Wednesday, September 14, 2016
MONMOUTH — What attracts an athlete to cross-country?
What causes an athlete to willingly sign up for a sport centered around what other sports use as punishment?
Dallas sophomore Trevor Cross says it’s simple.
“Can I take more pain in training and during a race than the guy next to me,” Cross said. “That’s distance running.”
Cross is quickly showing that he’s willing to do whatever it takes to be among the Mid-Willamette Conference’s best.
As a freshman in 2015, Cross broke on to the cross-country scene. He set a personal record of 17 minutes, 6.5 seconds on Oct. 14 and took 18th overall at the
district championships, helping the Dragons to a fourth-place finish in the team standings.
He’s got bigger goals in mind this fall.
“I’m really close to breaking 17 minutes, and I think for sure I’ll do that this season,” he said. “It’d be cool to run maybe below 16 (minutes) or get close to 16 flat.”
If he approaches 16 minutes, Cross will be in the mix for a berth to the state meet.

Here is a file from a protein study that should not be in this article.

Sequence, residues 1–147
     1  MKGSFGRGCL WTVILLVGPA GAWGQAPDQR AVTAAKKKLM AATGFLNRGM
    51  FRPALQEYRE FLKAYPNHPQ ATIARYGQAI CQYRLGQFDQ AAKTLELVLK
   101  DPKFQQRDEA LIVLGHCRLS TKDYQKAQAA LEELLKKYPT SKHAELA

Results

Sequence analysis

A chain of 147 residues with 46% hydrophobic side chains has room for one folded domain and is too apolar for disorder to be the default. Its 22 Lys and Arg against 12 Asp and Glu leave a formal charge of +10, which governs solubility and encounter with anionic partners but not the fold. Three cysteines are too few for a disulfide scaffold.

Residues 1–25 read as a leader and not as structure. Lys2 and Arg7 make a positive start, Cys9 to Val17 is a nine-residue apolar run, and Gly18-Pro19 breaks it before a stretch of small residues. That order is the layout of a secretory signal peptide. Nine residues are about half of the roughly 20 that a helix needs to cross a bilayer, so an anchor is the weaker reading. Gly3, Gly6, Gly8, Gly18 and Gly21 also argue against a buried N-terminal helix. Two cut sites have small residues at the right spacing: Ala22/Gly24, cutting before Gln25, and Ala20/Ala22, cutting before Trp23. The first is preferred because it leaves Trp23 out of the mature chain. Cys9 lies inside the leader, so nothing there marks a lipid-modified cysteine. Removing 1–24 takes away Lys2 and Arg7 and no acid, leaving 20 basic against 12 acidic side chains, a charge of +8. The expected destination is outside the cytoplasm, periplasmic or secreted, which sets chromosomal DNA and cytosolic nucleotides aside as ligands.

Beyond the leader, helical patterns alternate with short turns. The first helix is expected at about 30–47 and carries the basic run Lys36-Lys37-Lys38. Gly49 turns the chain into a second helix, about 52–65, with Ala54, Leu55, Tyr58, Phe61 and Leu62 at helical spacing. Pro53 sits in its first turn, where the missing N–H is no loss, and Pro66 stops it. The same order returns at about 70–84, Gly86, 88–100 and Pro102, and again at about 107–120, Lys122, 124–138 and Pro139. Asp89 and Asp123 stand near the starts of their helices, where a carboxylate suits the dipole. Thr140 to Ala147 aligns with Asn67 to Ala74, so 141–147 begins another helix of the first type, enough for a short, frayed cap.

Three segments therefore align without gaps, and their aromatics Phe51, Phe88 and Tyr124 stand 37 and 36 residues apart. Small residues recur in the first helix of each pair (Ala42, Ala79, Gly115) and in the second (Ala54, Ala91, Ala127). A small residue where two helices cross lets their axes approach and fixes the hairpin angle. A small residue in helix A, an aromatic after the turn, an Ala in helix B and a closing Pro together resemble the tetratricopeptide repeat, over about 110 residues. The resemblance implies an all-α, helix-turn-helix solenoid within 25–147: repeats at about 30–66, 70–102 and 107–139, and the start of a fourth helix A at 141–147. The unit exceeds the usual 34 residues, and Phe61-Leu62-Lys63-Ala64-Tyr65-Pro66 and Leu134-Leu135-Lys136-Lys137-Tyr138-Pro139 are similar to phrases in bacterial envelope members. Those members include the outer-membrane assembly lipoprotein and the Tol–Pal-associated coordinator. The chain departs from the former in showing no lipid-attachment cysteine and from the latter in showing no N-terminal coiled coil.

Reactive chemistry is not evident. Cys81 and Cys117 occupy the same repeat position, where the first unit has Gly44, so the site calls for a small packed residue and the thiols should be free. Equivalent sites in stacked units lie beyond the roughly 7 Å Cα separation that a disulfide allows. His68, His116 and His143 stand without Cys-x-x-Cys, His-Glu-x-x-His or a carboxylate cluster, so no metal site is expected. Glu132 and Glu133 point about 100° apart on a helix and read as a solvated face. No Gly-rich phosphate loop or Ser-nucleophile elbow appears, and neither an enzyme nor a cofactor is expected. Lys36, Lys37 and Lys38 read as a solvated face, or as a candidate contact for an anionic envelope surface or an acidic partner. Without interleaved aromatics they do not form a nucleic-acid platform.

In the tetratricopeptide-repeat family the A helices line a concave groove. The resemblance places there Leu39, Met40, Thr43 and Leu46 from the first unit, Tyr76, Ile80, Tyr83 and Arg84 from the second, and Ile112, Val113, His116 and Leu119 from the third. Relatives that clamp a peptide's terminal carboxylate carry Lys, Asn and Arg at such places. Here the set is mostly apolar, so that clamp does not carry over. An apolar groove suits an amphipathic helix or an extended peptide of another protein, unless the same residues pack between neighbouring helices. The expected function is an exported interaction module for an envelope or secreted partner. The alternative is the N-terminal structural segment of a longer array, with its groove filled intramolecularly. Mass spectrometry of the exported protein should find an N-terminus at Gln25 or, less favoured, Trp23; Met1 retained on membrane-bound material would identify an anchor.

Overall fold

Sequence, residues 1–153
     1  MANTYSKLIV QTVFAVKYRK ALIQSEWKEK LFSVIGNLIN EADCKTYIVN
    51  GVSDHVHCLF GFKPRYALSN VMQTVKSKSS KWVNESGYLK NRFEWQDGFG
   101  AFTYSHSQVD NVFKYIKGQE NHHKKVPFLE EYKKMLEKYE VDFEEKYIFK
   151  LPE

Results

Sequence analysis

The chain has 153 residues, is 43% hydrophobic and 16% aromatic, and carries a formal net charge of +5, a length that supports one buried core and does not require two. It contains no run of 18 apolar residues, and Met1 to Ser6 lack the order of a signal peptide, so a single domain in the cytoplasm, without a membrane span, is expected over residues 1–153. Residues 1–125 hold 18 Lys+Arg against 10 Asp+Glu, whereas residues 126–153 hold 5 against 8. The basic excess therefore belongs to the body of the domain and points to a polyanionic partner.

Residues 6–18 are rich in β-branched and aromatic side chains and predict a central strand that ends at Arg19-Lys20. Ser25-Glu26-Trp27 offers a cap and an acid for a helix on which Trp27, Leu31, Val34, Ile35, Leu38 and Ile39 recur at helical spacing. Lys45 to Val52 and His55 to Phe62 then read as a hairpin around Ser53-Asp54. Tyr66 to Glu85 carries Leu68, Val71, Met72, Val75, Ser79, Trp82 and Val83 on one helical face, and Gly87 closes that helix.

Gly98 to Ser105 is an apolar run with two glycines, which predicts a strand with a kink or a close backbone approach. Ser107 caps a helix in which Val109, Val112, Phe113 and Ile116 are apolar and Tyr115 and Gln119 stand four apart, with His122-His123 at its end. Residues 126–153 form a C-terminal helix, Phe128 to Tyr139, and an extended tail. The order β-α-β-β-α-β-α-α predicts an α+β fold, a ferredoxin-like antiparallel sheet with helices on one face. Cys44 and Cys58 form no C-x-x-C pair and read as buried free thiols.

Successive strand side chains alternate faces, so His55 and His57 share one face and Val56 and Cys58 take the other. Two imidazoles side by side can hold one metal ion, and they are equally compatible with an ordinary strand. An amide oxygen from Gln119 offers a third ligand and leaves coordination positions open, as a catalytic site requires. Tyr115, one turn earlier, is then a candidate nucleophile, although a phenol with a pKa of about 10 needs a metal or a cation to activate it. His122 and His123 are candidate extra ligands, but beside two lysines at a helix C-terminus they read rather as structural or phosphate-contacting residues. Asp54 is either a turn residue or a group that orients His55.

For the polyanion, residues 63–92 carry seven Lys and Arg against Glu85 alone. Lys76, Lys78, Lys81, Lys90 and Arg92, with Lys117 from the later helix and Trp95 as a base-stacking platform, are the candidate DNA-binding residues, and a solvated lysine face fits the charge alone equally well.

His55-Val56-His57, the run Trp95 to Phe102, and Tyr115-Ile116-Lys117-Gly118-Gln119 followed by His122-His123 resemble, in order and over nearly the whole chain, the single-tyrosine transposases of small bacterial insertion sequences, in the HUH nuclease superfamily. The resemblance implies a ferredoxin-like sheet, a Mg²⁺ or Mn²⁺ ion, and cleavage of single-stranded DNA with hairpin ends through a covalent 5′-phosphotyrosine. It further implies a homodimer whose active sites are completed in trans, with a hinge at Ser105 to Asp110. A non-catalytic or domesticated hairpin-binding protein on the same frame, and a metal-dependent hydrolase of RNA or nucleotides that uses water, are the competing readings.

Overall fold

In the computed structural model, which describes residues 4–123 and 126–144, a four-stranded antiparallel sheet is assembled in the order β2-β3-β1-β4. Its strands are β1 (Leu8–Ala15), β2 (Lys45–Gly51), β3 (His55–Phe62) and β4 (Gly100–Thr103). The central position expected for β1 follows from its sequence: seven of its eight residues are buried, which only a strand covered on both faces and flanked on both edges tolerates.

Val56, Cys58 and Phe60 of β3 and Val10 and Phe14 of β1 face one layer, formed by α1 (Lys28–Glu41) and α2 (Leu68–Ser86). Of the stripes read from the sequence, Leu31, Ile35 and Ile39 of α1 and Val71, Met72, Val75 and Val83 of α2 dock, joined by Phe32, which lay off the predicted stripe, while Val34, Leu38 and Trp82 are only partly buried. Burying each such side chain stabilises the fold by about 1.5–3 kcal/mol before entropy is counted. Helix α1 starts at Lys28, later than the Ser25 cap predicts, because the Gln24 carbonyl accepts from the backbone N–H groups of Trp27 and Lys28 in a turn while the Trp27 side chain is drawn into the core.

Cross took 18th overall at the Ash Creek Cross-Country Festival on Saturday, finishing in 17:07.6, about a second over his PR, despite having a runner stop and have to leave the race right in front of him.
“Trevor is a beast”, Dallas coach Monique Lankheet said. “He is competitive, has an amazing work ethic and is very coachable.”
During his freshman season, Cross wasn’t ready for the level of training that awaited him in high school, including the distance runs and speed workouts.
This time around, he embraced it.
“It was a lot more laid back in middle school,” Cross said. “We train a lot harder (in high school). We know that practices will pay off. The harder we work in practice, the faster we will race. We just have to be there for each other, encourage each other and push each other. We keep each other accountable.”
He also learned just how cross-country could truly be a team sport.
The boys team finished fourth at the MWC District Championships in 2015, four points away from earning a spot to the state meet.
“None of us were in a position to go to state by ourselves, but as a team, we were really close. We all ran together and trusted each other,” he said.
This year, the boys varsity team will look markedly different with five of last year’s varsity runners graduated.
But the goal remains simple. Work hard, train hard, and leave everything they have on the course.
“I love the competition,” Cross said. “Teaching yourself to endure the pain while racing and seeing if you can do that better than the other racers is a lot of fun.”